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Hyperion Records

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Track(s) taken from CDA66585
Recording details: November 1991
St Jude-on-the-Hill, Hampstead Garden Suburb, London, United Kingdom
Produced by Ben Turner
Engineered by Philip Hobbs
Release date: March 1992
Total duration: 9 minutes 53 seconds

'If later volumes are as deftly and feelingly accomplished as this one, then King's grand Purcellian tour ought to be a landmark in English music discography' (The Independent)

'Purcell has seldom been this lucky' (CDReview)

O give thanks unto the Lord, Z33
author of text
Psalm 106: 1-2, 4-5, 46

Introduction  EnglishFrançaisDeutsch
O give thanks unto the Lord is one of Purcell’s last pieces of church music, dating from 1693: it shows a marked difference to works written even two years previously. The instrumental contribution is minimal, with the two solo violins given only the briefest of ritornelli at the close of sections, suggesting that the influence of King James – and the Royal Purse – had all but won its way at the Chapel Royal. (Queen Mary, who with William III succeeded James, was a great music-lover, but her main musical interests lay in other areas and music in the Church never really regained its former glory.)

The style of the anthem is Italianate, and at the opening (unusually with no symphony) the trio of soloists enter into vigorous dialogue with the chorus: the role of the choir is more pronounced than in earlier anthems, suggesting that choral standards at the Chapel had not fallen, even if finances had. The opening music is highly sectionalised, alternating not only between chorus and soloists, but between major and minor (the latter sections also marked ‘slow’). The florid duet for alto and bass ‘Who can express’ (which could easily have come from one of the odes) forms a lyrical contrast with the opening, with chains of sequences and suspensions.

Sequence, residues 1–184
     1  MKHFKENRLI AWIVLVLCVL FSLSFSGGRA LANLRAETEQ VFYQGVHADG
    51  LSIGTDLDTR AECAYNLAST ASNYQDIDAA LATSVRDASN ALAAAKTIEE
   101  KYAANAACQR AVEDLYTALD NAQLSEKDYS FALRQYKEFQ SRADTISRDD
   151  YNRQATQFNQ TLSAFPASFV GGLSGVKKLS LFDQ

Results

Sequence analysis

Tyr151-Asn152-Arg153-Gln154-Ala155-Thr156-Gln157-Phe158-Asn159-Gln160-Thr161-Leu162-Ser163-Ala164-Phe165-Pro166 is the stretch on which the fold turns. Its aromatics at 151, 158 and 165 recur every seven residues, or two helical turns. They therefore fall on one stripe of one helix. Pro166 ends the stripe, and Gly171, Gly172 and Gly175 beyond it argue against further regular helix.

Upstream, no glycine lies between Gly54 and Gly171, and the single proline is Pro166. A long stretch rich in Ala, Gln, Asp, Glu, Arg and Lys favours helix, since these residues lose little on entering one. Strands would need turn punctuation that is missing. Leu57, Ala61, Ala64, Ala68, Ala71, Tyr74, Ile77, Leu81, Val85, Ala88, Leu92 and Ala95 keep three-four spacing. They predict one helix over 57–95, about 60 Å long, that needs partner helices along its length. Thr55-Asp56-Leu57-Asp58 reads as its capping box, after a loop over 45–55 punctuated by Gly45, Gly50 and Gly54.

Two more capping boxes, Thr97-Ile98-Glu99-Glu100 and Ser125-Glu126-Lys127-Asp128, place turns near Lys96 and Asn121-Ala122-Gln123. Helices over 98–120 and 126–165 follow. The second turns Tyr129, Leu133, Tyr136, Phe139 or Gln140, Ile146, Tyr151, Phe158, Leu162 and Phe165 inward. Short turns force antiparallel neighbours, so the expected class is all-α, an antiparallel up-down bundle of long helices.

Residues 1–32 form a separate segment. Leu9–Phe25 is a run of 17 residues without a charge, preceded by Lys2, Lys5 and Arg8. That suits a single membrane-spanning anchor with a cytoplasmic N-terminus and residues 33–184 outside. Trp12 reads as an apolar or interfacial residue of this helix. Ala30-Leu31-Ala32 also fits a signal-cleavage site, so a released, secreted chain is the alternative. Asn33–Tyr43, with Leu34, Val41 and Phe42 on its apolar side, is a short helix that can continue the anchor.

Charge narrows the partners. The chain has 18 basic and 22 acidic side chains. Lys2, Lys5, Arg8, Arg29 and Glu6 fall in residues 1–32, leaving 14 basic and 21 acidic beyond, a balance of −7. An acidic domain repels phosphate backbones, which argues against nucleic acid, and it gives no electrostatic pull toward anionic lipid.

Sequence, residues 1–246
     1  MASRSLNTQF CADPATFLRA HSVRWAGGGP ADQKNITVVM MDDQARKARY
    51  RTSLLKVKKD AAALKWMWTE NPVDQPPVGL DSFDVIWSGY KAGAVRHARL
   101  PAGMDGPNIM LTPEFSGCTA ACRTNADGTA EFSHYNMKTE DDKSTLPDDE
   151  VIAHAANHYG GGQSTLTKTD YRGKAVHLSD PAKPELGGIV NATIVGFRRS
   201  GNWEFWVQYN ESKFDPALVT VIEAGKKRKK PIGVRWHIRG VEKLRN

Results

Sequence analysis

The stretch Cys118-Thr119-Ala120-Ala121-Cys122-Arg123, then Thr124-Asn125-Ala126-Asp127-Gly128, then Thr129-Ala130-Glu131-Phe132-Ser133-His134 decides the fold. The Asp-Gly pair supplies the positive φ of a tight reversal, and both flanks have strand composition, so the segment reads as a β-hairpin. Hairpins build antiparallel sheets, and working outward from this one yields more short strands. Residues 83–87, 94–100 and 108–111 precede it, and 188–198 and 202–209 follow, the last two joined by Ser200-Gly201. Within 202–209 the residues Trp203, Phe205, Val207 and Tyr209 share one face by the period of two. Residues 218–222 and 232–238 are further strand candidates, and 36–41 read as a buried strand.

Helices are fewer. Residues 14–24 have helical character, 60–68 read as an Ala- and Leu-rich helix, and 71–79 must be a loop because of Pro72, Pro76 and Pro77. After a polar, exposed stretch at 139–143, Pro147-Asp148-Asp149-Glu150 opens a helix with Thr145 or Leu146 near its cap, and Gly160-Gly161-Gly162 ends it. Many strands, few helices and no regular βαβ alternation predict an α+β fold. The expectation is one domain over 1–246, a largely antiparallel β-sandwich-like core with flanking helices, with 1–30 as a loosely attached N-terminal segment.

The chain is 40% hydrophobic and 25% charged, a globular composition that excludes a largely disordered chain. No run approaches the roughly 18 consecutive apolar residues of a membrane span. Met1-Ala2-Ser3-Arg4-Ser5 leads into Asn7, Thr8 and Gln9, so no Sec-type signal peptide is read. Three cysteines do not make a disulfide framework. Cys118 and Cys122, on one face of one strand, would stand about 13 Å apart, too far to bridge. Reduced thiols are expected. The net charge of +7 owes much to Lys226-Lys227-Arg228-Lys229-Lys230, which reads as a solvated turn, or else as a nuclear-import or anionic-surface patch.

The highlight of the anthem is the ravishing four-part verse section ‘Remember me, O Lord’ which, with its chromatically-rising theme, its minor tonality and its emotionally-charged, pleading repetitions of the words ‘Remember me’ and ‘O visit me’ gives a taste of the style which reached its peak two years later in the funeral music for Queen Mary (and provides glorious vocal phrases for one of Purcell’s highly talented boy trebles). The intricate alto solo ‘That I may see’ also has hints of a work to come, in this case the Te Deum and Jubilate (first performed the next year) before the four solo voices, in the busy section ‘Blessed be the Lord God of Israel’, lead us back into a reprise of the joyful opening antiphony.

from notes by ©

Other albums featuring this work
'Purcell: The Complete Sacred Music' (CDS44141/51)
Purcell: The Complete Sacred Music
MP3 £35.00FLAC £35.00ALAC £35.00Buy by post £40.00 CDS44141/51  11CDs Boxed set (at a special price)  
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